The natural question is: how frequently, exactly, can a player expect to get a reward? We could do math, or we could Just Simulate The Damn Thing.
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from collections import Counter
import random
histogram = Counter()
TRIALS = 1000000
chance = 1
rooms_cleared = 0
rewards_found = 0
while rewards_found < TRIALS:
rooms_cleared += 1
if random.random() * 100 < chance:
# Reward!
rewards_found += 1
histogram[rooms_cleared] += 1
rooms_cleared = 0
chance = 1
else:
chance = min(80, chance + 9)
for gaps, count in sorted(histogram.items()):
print(f"{gaps:3d}  {count / TRIALS * 100:6.2f}%", '#' * (count // (TRIALS // 100)))

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1  0.98%
2  9.91% #########
3  17.00% ################
4  20.23% ####################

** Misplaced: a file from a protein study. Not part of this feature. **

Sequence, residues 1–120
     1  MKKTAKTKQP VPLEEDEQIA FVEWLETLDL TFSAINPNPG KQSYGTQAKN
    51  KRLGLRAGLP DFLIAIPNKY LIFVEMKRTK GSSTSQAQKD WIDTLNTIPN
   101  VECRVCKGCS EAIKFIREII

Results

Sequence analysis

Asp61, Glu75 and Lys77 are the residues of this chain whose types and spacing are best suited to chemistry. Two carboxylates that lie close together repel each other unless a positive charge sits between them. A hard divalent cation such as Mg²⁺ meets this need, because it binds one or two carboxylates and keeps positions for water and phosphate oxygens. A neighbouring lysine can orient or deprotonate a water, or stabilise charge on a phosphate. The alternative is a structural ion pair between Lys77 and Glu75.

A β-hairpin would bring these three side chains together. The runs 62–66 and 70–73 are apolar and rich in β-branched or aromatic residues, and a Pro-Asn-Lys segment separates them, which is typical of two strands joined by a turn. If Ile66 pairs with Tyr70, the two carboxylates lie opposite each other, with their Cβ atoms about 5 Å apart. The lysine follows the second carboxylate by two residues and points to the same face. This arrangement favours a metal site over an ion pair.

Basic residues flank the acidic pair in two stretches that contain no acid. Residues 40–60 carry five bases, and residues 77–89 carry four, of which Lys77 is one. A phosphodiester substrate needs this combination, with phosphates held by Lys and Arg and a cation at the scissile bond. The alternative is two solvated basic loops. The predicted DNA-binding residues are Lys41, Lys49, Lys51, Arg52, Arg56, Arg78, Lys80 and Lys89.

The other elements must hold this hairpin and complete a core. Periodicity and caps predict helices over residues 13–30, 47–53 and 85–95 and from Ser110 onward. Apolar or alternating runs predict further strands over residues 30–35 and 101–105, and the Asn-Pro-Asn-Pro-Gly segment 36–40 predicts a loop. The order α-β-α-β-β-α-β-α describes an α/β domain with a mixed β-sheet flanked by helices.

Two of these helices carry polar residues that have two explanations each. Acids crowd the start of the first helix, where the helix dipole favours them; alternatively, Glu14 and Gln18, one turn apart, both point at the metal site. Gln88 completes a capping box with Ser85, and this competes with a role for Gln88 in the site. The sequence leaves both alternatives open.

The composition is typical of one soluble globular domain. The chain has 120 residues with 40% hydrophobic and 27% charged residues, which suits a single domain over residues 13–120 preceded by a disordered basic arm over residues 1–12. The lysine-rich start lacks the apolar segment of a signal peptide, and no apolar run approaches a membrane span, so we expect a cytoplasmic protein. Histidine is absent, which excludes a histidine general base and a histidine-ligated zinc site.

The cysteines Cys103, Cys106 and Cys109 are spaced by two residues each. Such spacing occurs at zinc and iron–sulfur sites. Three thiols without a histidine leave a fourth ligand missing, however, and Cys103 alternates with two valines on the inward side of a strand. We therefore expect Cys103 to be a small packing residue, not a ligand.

5  19.21% ###################
6  15.05% ###############
7  9.69% #########
8  5.07% #####
9  2.09% ##
10  0.63%
11  0.12%
12  0.03%
13  0.00%
14  0.00%
15  0.00%

We’ve got kind of a hilly distribution, skewed to the left, which is up in this histogram. Most of the time, a player should see a reward every three to six rooms, which is maybe twice per floor. It’s vanishingly unlikely to go through a dozen rooms without ever seeing a reward, so a player should see at least one per floor.
Of course, this simulated a single continuous playthrough; when starting the game from scratch, your chance at a reward always starts fresh at 1%, the worst it can be. If you want to know about how many rewards a player will get on the first floor, hey, Just Simulate The Damn Thing.

0  0.01%
1  13.01% #############